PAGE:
I am incredibly lucky. I live in a stone house, on a half acre, on a cul-de-sac, one stop light to Georgetown, and less than a quarter of a mile from the Potomac River Palisades. It takes me 15 minutes to get to work, three minutes to get to a grocery store, two minutes to find peace in the woods, and even less time to find an open space to work the dogs.
My house is surrounded by small parks and pocket woods that lead down to the river, which is a 200-mile woods stretching all the way to West Virginia. Key Bridge is just down river from my house, and the bridge I cross every morning to get to work.
Just above my house is the first "Little Falls" on the Potomac, and a few miles above that is Great Falls, the most spectacular urban white water rapids in the world.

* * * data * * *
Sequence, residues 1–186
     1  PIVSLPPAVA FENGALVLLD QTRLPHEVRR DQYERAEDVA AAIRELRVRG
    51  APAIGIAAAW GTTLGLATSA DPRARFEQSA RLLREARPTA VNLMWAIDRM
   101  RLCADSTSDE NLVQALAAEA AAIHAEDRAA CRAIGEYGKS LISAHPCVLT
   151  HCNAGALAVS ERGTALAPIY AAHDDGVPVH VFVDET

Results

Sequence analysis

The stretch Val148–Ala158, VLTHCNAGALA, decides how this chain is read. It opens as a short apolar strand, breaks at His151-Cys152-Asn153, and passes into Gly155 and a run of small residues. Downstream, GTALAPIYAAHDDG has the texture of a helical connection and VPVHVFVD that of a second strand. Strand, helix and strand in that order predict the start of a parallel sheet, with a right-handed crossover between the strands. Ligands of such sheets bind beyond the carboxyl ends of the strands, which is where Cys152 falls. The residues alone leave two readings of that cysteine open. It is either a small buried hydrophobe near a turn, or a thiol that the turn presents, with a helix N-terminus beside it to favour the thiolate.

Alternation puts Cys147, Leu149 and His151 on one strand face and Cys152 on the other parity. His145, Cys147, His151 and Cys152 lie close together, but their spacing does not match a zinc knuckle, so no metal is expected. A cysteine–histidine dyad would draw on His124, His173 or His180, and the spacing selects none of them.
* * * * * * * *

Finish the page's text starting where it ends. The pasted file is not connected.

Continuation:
Across the river from my house is the C & O Canal and its flat bike path stretching past dozens of old locks, and rolling up to Harper's Ferry, West Virginia. Along the canal are excellent public hunting lands, some of which I use to occasionally work the dogs.
Rock Creek Park rolls into the C&O Canal at the very eastern end of Georgetown, and provides a wildlife corridor north through the city. There are fox, raccoon, deer, and even coyotes in Rock Creek Park, which is one of the most-studied bird habitats in the world.
The Potomac River is rolling in shad and white perch this time of year, and has a steady supply of bass and cat fish at all times. A Bald Eagle used to nest in a massive tree just below the house, until her nesting tree fell over from rot. Cormorants and herons attest that the river is full of life, and stand-up paddle boarders, kayakers, and rowing shells vie for space on warm days.
Gratitude. It's a good thing to have, and most days I have it.